Doing Business in Saudi Arabiaby Eugene E. Halmos, Jr., (Aff.M.ASCE), Washington Correspondent; CIVIL ENGINEERING—ASCE, Washington, D.C.,
Serial Information: Civil Engineering—ASCE, 1977, Vol. 47, Issue 6, Pg. 76-79
Document Type: Feature article
The consulting firm or contractor eager to get a piece of the action in Saudi Arabia must be prepared to endure some hardships. Foreigners can't own land but can rent living quarters for up to $75,000/yr. Women can't hold drivers' licenses and it may cost $4,000 or more to get a telephone. Public water supplies may be unsafe to drink without boiling. Roads and railroads are practical nonexistent. Liquid can't be bought legally and the temperature in the shade in summer soars to 120°F. Nonetheless, the Saudi attraction remains enormous. About $142 billion — more than half for construction and engineering — will be spent in the next five years. Among tips for getting started in Saudi Arabia: associate either with a Saudi partner or with another firm already established in the country; approach the U.S. Army Corps of Engineers, which supervises much work there; or contact the U.S.-Saudi Arabian Joint Commission on Economic Cooperation, in the U.S. Treasury Dept.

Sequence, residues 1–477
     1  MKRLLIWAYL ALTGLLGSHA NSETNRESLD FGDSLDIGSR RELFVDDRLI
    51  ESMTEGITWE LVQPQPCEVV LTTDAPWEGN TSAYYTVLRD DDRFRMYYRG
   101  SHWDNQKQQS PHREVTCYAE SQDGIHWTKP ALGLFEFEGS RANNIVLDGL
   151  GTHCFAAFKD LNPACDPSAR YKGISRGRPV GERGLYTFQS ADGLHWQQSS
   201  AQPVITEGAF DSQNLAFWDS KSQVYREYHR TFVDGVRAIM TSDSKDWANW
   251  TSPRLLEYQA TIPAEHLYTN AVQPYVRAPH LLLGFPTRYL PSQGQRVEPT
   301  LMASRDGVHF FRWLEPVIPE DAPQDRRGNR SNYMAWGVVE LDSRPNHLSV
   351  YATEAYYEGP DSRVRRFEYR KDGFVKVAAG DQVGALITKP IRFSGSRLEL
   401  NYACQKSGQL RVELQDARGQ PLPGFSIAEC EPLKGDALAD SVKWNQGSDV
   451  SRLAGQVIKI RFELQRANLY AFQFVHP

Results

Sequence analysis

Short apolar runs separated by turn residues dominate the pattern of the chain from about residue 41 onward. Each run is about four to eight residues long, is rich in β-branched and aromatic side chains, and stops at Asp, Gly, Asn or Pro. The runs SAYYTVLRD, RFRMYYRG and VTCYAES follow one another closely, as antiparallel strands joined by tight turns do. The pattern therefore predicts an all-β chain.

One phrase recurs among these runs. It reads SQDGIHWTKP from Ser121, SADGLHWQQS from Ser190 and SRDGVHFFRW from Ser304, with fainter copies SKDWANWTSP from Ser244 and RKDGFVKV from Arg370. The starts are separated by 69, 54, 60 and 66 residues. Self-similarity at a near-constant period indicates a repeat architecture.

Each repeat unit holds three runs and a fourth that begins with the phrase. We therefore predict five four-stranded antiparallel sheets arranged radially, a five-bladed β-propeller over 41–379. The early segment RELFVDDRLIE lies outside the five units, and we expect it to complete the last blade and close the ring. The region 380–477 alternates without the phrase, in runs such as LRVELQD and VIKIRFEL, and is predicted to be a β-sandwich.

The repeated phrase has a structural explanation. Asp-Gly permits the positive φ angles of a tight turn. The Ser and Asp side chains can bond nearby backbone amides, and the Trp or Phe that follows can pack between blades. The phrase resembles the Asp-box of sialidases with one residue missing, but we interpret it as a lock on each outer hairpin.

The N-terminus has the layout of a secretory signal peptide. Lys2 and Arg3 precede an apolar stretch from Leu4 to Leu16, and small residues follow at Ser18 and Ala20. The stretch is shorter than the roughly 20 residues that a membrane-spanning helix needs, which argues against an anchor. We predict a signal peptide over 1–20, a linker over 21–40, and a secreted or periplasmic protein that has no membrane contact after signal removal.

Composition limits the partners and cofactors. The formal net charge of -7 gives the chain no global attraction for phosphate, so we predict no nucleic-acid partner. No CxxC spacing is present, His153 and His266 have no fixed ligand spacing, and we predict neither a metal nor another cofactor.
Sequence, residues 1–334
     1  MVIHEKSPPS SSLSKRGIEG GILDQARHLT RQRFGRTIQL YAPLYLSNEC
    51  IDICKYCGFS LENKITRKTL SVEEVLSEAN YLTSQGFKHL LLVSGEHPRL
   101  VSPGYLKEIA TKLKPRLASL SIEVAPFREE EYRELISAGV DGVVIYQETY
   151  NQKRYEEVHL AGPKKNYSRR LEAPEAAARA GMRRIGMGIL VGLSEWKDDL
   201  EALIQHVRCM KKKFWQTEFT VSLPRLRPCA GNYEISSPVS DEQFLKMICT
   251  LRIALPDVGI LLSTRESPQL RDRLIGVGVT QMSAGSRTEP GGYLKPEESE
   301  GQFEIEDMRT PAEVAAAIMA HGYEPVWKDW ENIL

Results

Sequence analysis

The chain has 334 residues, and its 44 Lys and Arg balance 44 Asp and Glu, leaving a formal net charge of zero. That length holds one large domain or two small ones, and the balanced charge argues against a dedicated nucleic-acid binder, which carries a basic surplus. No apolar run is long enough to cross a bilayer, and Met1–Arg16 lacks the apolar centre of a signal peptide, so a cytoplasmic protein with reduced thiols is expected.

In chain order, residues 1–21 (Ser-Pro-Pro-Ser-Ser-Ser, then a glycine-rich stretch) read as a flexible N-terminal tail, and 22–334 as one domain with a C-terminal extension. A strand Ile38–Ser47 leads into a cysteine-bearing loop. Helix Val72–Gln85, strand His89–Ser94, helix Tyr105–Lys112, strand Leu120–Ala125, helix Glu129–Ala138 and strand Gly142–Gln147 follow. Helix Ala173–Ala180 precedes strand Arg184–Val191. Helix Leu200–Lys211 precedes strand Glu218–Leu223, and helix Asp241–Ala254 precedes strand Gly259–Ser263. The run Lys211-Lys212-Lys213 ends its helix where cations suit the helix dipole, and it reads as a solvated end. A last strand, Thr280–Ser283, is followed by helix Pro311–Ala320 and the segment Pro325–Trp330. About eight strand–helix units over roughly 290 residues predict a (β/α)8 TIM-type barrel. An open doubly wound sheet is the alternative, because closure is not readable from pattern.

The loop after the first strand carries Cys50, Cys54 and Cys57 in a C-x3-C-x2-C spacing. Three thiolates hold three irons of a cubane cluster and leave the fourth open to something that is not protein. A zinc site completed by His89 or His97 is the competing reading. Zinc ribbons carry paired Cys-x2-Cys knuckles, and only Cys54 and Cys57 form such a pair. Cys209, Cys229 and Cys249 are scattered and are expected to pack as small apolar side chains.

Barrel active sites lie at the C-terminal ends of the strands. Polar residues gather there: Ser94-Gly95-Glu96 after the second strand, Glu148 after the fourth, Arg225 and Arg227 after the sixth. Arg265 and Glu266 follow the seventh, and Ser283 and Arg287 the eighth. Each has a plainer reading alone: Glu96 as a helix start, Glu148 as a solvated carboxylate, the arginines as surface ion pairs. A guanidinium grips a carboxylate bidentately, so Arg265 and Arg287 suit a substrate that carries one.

Subject Headings: Driver behavior | Consulting services | Licensure and certification | Contractors and subcontractors | Rail transportation | Highways and roads | Water supply | Women | Asia | Middle East | Saudi Arabia
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